Australia, France cast aside past for unity on Ukraine

A changing dynamic within the European Union has placed France as the spiritual leader of the bloc’s efforts to support Ukraine in its efforts to defend itself against the Kremlin’s troops. It has made resetting the partnership all the more important.

As so a new joint defence project highlights just how far the two nations have come in a relatively short time, as they agreed to “share the bill” to supply Ukrainian President Volodymyr Zelensky’s armed forces with ammunition. The deal will see both countries share the cost of the deliveries of the ammunition from French manufacturer Nexter, with Australia providing the explosive powder.

Pallets of 155 mm shells ultimately bound for Ukraine.Credit:AP

There was little detail about bilateral deliveries of the ammunition, but Armed Forces Minister Sebastian Lecornu said he would be “faithful to the French doctrine of discretion” over the quantity and quality of its military support. He signalled the delivery of “several thousand” shells would begin this quarter, suggesting it would be an ongoing, or “continuous” commitment.

Zelensky has made constant pleas for military aid since Russia invaded his country last February 24, including basic supplies of fuel and bullets, famously telling the world amid rumours he had fled Kyiv: “I need ammunition, not a ride.”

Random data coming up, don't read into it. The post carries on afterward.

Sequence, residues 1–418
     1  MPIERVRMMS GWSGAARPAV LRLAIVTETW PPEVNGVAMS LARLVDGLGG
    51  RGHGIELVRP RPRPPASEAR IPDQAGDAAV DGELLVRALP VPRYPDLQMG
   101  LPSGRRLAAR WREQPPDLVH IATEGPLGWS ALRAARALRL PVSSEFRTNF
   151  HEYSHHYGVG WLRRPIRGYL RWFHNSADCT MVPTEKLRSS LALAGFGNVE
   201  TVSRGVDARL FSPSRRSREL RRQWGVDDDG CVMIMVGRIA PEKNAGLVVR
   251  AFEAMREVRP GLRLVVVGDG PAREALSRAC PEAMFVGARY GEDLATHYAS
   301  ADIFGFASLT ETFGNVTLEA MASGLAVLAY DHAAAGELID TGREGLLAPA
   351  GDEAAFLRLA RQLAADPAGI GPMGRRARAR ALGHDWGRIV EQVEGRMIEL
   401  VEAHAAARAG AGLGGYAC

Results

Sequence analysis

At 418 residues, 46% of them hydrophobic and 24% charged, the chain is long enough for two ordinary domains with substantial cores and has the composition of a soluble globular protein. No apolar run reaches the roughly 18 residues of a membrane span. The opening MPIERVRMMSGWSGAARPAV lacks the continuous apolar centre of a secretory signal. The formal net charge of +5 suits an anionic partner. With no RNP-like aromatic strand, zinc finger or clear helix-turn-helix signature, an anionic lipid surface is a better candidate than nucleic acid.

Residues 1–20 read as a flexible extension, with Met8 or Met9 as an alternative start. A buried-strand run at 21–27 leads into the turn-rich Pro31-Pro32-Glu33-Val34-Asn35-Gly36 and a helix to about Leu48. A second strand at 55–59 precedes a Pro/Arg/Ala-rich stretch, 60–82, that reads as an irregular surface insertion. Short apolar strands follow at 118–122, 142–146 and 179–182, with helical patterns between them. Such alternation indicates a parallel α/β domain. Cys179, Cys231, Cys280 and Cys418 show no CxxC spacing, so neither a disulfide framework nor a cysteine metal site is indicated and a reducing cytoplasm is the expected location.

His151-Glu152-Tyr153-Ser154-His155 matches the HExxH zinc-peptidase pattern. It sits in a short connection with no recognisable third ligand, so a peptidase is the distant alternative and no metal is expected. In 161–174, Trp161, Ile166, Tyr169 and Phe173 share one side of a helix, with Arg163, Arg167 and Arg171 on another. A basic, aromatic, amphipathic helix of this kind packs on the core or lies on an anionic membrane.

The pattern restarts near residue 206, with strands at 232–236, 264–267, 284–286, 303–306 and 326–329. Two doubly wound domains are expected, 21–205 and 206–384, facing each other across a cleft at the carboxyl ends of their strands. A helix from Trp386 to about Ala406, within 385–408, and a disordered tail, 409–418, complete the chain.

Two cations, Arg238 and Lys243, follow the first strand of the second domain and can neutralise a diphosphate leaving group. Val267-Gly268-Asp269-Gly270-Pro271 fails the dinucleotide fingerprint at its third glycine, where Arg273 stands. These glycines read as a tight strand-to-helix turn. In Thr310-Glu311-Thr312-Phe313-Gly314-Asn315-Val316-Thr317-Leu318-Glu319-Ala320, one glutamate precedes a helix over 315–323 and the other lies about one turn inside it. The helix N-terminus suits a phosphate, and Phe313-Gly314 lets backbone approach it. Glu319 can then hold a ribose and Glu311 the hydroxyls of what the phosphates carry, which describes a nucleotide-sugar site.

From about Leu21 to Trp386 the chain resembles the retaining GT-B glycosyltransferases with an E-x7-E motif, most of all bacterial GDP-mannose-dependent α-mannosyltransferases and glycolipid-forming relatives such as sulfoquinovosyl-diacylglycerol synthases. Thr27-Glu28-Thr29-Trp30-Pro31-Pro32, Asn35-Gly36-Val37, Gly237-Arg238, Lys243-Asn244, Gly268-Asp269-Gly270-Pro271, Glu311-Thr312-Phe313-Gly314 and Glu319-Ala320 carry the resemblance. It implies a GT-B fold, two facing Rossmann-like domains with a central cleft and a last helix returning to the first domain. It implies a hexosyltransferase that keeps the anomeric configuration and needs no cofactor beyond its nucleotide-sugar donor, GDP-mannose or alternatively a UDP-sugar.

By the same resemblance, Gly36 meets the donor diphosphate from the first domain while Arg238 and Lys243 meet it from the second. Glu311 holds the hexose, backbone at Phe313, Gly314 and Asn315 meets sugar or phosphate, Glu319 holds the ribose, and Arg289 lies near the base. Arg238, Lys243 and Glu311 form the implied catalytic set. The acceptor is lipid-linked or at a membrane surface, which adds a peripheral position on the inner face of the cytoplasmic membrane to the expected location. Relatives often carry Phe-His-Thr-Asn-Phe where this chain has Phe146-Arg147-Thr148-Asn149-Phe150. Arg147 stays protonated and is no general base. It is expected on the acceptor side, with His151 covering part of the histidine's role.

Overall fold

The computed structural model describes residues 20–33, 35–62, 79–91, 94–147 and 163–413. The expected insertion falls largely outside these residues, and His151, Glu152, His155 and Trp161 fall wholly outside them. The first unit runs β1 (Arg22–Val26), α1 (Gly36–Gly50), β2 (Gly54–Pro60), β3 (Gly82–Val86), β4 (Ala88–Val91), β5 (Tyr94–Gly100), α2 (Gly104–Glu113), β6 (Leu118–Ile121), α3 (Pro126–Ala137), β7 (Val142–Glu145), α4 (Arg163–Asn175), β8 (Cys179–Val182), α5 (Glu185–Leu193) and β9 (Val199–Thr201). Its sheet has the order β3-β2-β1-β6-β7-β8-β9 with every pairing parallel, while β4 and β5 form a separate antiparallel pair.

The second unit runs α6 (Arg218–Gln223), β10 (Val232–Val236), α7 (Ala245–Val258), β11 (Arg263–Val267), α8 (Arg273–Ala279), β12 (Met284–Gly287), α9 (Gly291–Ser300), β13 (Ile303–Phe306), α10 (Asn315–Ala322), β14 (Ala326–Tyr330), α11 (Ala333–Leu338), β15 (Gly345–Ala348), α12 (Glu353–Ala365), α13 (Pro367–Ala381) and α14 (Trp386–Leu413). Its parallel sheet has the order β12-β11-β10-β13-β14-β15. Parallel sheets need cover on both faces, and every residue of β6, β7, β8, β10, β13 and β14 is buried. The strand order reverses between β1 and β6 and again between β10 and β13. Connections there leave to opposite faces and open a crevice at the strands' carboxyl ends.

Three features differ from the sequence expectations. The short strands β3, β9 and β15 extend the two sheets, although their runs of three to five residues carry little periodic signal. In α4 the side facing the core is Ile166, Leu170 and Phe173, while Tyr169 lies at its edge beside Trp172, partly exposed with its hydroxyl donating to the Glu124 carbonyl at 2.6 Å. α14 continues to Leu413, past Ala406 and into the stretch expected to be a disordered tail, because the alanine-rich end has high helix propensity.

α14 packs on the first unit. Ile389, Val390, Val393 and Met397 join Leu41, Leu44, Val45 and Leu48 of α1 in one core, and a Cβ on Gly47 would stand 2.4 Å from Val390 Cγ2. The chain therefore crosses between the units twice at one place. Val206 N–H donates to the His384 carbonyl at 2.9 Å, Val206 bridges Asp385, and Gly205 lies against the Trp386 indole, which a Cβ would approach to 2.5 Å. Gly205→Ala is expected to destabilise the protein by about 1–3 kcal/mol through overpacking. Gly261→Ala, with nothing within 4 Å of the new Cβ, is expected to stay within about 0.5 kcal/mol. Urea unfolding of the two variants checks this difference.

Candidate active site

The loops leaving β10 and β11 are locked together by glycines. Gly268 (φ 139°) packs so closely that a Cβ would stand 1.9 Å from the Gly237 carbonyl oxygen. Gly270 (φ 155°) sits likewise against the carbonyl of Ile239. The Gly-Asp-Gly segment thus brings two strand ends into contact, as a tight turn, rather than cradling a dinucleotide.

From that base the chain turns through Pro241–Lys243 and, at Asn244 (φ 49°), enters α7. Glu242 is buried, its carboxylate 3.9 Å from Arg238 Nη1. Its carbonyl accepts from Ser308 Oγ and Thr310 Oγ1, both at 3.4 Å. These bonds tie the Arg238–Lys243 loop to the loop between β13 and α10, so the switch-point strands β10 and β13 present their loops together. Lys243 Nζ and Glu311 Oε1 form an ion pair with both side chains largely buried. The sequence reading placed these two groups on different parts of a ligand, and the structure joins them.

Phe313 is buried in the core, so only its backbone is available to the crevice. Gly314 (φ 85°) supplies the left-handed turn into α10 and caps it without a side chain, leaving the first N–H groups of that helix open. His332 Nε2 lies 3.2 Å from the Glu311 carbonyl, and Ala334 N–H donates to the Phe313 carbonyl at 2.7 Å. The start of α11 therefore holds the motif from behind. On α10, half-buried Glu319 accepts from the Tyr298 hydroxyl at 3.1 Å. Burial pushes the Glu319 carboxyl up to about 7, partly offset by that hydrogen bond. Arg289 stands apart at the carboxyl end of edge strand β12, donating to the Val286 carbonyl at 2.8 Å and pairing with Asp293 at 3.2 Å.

And while AUKUS cast a shadow, there was no sign of any change in Australia’s intention to buy US or UK-designed nuclear submarines, despite renewed concerns about long delays. In November, Macron said his country’s submarine offer “remains on the table”, potentially offering Australia new capabilities while it waits for its nuclear fleet.


But Marles said there were no plans for any conventionally powered interim submarine capability as Australia moved towards gaining the nuclear-powered submarine capability.

Both nations want to work more closely on defence manufacturing, with Lecornu downplaying the cancelled $80 billion deal’s impact on future relations.

“Does AUKUS block the capacity for our military cooperation in the future? The answer is no, otherwise … we would not be here holding this 2+2 meeting,” he said.

Asked if the two countries trying to spin their way out of the previous cracks in their relationship, Colonna replied: “It’s not communication. It’s politics”.

And for the first time in a while – without scoring cheap points – both nations got that bit just right.

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